Ensuring the reliability and security of multi‑cloud architectures presents a challenge for Platform Ops teams. They need global visibility into application and API traffic, and the ability to apply consistent security and compliance policies across different environments. Platform-native tools all operate differently and provide different degrees of visibility and control. Ultimately, Platform Ops teams need a different model for creating and applying governance across distributed teams and environments.

Two models – centralized and decentralized – have been common for API governance. But in modern API strategies, and particularly in API-first models, a new concept of “adaptive governance” empowers API developers while giving Platform Ops teams reliability and security control.

To learn more, read Adaptive Governance Gives API Developers the Autonomy They Need on our blog.

The Importance of API-First Tools

Cloud-native environments are loosely coupled systems that are often built using containers, service meshes, and microservices. These resources communicate with each other via API, and are typically managed themselves via declarative APIs. These techniques enable systems that are resilient, manageable, and observable.

API connectivity emphasizes the use of cloud-native technologies, and in particular, an API-first approach to managing infrastructure and the API lifecycle. This is particularly important for automating work at scale using continuous integration/continuous delivery (CI/CD) practices. CI/CD helps you manage APIs and applications across their entire lifecycle – writing, delivering, and updating – through automation. It also helps “shift security left” by integrating and embedding security policies early on, and then be applied to future APIs, enabling security to be part of the entire development process, all the way to production.

To learn more, read Shifting Security Tools Left for Safer Apps on our blog.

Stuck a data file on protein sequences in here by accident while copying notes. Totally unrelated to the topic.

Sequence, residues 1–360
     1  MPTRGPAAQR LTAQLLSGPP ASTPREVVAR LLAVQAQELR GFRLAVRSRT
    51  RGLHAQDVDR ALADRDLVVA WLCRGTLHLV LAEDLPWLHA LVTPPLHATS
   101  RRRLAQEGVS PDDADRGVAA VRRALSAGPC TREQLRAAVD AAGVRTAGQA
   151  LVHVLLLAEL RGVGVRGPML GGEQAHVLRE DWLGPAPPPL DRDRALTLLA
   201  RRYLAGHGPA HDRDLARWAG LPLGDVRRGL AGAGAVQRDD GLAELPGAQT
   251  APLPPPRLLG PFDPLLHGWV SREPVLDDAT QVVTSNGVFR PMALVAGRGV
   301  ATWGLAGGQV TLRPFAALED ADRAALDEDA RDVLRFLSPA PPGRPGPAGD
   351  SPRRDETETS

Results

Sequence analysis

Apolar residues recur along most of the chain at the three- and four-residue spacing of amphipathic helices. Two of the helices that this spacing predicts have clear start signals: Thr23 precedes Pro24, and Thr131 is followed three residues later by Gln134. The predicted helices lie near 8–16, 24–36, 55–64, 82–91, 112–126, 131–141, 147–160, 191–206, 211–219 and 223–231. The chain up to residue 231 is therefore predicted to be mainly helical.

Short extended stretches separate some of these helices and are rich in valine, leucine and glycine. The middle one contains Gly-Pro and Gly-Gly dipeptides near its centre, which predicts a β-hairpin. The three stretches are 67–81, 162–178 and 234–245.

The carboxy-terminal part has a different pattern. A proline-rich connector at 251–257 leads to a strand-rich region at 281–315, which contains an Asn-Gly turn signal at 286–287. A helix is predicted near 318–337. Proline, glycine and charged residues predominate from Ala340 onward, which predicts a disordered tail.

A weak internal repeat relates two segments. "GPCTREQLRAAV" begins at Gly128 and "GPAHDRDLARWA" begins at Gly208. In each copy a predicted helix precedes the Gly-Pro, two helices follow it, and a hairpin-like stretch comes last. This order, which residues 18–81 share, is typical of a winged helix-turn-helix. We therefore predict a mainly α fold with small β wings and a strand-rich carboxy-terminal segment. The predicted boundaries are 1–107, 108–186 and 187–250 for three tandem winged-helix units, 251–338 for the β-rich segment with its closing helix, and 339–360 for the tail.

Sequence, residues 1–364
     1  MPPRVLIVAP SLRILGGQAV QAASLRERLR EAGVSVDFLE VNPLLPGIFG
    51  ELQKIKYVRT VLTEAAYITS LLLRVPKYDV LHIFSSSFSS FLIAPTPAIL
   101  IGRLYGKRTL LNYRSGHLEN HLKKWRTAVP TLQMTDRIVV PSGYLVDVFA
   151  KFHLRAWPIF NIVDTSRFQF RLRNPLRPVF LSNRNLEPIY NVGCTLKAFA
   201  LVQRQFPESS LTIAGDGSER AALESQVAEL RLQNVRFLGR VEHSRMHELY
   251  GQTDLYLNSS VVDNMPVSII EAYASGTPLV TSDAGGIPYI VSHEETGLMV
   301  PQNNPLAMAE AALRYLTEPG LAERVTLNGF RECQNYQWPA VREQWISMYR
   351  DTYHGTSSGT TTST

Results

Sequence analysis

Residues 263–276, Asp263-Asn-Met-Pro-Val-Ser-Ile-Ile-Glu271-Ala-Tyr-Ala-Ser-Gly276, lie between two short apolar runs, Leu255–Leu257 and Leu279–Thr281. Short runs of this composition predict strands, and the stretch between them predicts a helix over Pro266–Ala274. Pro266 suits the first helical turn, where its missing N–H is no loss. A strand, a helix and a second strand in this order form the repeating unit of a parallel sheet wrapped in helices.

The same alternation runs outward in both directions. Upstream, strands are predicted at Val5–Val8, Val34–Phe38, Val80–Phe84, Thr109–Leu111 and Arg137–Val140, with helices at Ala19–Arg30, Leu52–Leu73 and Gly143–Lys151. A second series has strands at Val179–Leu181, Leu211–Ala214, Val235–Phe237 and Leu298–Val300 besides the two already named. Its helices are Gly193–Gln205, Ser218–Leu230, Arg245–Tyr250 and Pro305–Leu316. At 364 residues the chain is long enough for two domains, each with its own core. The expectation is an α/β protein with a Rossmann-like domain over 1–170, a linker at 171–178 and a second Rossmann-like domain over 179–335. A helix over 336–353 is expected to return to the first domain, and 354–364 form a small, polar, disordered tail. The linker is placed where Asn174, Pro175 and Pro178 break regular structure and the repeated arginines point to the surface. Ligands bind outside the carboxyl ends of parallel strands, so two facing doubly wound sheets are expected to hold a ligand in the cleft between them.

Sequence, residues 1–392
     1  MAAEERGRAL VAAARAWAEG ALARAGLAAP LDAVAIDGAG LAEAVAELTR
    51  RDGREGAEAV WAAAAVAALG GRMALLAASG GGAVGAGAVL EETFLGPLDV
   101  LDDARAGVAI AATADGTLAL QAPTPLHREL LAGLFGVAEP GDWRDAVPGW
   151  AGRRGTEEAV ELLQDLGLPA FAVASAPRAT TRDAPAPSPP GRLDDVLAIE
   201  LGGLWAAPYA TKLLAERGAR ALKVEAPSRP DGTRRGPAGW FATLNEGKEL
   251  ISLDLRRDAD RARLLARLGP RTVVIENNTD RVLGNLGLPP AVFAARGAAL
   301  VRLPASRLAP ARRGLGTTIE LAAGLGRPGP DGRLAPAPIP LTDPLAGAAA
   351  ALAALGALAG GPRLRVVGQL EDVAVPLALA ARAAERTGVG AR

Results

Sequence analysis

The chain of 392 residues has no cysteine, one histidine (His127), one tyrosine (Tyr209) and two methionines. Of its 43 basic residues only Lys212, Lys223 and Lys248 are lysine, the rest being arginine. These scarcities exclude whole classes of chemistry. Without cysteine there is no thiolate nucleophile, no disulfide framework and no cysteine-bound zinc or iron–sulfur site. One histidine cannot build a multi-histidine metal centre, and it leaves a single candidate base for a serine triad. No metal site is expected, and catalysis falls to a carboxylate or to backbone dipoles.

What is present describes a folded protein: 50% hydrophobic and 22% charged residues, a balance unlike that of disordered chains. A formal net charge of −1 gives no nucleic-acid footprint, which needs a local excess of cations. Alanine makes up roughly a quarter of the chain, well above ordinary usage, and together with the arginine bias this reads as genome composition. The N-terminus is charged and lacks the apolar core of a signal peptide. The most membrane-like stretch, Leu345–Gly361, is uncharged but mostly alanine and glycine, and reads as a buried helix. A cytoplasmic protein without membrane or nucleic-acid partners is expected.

What is the Difference between API Connectivity and an API-Led Connectivity Strategy?

API-led connectivity is a specific architectural approach to digital transformation and the implementation of an organization’s overall API strategy. It uses a tiered approach to classify an organization’s APIs by function:

  • System APIs are used to fetch raw data from a system of record and expose it to an upstream API in a reliable way
  • Process APIs orchestrate multiple downstream system APIs to aggregate the data and apply business logic to it
  • Experience APIs enable user-facing interactions and can be reused by across mobile and web applications

API connectivity is a comprehensive approach to governing and operating APIs in cloud-native environments, regardless of the architectural pattern you use to classify them.

How Can NGINX Help?

API Connectivity Manager, part of F5 NGINX Management Suite, was designed with the API developer experience at its core. With API Connectivity Manager, infrastructure teams can deploy high performance API gateways and developer portals. And developers can rapidly publish and manage APIs and documentation or discover and onboard APIs into applications.

api connectivity diagram

API Connectivity Manager is a key part of the NGINX Secure API Connectivity solution, which provides these benefits:

  • Scalability – Deliver uncompromised performance, reliability, and security with NGINX Plus as an API gateway
  • Observability – Monitor API traffic across teams and environments to identify configuration errors and security threats
  • Governance – Ensure consistent oversight while empowering API developers to manage their APIs with fine-grained controls
  • Security – Defend APIs against common and advanced threats with out-of-the-box protection against the OWASP API Security Top 10

Start a 30-day free trial of NGINX Management Suite, which includes API Connectivity Manager and Instance Manager.